To begin with I was running the 11ty compiler and then pushing the _site directory to the remote repo along with everything else. I soon realised I should add _site to the gitignore to stop this, but I then had to get the _site directory out of the remote. After puzzling over this for a while, I figured I would remove _site from the gitignore temporarily, delete it, push to the remote, then restore _site to the gitignore and push again. This worked.

Going forward

Building an MVP means leaving out desirable, but not critical, features, and there are things I want to add in the future.

At the moment, the excerpts on the home page are added manually to each post's frontmatter. I'd like to add a system that generates these automatically from the page content. I'd also like to add an about page, which will act as an alternative to the initial 'about' post when that is buried under newer posts.

In the future, I'd like to be able publish guest posts, and build out a profile page on the site for each author.

Once these things are in place, a navigation bar will also be needed to enable readers to access everything.

I did take some of these ambitions into account when building the MVP, so as to ease future work. For example, post frontmatter includes the author name, even though for now all posts are by me. Nevertheless, it is inevitable that parts of the MVP will need to be reworked as I add new features.

Some resources I found useful

Let's Learn Eleventy!, by Jason Lengstorf on the Netlfiy blog www.netlify.com/blog/2020/04/09/lets-learn-eleventy-boost-your-jamstack-skills-with-11ty/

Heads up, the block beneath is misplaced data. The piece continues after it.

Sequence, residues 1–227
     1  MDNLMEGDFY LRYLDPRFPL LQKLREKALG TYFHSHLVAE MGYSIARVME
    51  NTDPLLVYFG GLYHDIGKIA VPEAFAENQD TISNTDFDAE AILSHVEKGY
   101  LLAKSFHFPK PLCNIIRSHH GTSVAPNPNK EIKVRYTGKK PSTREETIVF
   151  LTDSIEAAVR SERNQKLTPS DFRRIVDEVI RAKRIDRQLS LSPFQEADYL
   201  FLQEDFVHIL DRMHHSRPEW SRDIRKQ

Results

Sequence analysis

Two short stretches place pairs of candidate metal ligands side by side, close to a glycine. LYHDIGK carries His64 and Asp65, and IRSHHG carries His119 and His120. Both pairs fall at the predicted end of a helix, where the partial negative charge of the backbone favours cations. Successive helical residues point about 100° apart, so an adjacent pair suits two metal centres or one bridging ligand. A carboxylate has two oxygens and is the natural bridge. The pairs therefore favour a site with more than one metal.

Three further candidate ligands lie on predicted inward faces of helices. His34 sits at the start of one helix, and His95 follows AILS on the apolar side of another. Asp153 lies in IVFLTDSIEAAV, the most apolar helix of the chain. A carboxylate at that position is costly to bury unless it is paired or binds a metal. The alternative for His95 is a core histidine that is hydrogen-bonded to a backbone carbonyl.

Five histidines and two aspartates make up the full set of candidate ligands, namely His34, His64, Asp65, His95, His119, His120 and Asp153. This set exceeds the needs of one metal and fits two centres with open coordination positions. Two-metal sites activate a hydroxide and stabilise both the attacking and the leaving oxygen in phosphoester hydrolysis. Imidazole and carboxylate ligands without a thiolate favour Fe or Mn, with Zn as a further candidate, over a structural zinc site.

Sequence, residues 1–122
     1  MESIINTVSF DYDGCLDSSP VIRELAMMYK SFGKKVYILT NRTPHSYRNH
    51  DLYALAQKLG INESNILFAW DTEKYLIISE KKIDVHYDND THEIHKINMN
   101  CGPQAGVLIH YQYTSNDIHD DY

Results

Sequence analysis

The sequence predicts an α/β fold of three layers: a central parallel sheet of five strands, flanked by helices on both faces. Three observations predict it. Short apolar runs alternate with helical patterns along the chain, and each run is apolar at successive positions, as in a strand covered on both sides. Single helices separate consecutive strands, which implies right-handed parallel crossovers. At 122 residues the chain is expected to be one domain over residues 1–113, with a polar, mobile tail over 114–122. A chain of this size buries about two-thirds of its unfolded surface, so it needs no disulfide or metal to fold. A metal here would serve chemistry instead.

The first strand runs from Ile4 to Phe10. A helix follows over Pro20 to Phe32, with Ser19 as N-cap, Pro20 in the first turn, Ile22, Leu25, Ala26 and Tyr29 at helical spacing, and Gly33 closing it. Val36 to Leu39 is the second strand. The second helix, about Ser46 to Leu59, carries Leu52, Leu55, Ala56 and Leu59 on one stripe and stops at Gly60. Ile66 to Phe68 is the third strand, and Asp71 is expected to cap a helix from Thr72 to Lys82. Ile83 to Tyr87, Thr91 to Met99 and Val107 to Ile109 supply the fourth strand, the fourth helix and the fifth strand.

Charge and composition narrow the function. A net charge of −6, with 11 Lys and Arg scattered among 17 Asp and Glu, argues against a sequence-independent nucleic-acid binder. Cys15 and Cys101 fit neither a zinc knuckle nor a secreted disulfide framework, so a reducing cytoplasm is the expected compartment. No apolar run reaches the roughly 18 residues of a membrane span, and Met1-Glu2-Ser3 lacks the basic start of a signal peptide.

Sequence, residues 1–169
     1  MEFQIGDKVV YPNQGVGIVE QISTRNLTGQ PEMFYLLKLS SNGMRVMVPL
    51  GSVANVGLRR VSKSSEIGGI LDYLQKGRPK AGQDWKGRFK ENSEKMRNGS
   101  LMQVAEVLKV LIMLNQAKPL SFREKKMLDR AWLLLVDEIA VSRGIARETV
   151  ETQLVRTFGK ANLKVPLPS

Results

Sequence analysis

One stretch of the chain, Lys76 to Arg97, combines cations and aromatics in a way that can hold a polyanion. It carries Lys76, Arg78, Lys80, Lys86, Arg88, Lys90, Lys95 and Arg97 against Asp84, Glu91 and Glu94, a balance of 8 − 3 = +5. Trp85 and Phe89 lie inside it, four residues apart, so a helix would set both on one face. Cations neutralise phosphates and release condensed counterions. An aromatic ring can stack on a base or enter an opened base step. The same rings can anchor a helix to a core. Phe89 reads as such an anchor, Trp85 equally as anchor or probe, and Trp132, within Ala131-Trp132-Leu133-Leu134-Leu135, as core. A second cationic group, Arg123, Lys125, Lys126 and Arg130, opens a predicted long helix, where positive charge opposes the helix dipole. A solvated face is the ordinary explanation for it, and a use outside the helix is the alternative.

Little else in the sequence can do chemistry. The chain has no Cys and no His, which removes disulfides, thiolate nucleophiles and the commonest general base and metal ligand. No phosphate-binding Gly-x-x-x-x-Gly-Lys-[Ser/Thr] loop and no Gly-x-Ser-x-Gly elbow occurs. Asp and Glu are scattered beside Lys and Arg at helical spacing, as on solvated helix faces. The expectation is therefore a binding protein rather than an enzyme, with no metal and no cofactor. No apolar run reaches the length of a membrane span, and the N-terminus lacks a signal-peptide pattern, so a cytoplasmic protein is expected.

11ty docs www.11ty.dev/docs/

Liquid docs shopify.github.io/liquid/

How many favicons should you have in your site?, by Jecelyn Yeen jec.fyi/blog/favicons-manifest

Conclusion

I was pleasantly surprised by how easy I found it to get into 11ty and Liquid, with the bulk of it being intuitively similar to standard HTML and Markdown. I am also pleased with how little code is required to build a functioning MVP. Building with 11ty and Liquid was altogether a good experience.

Finally

If you want to check out what I built, it can be found at sparksandvertices.uk

Discussion (2)

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carlosds profile image
Karel De Smet

Good start, thanks for sharing! I can not recommend 11ty enough (I also use it for my personal website), it's just so easy yet so powerful at the same time.

I can see that you're planning to build up some data (author profiles, metadata ...) that will need to be managed over time. In that case, you might want to check out how you can consume data from a headless CMS. You can find a good article using DatoCMS (although there are plenty of other options) on that here: webstoemp.com/blog/headless-cms-gr...

And even if you don't want to be dependent on an outside service, trying it out will surely make you get to know 11ty a bit better.

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dominicduffin1 profile image
Dominic Duffin Author

Thank you, that is helpful! Ideally I'd like to avoid being dependent on outside services too much, but there are trade-offs to be made, and as you say, it all helps to get to know the tech better!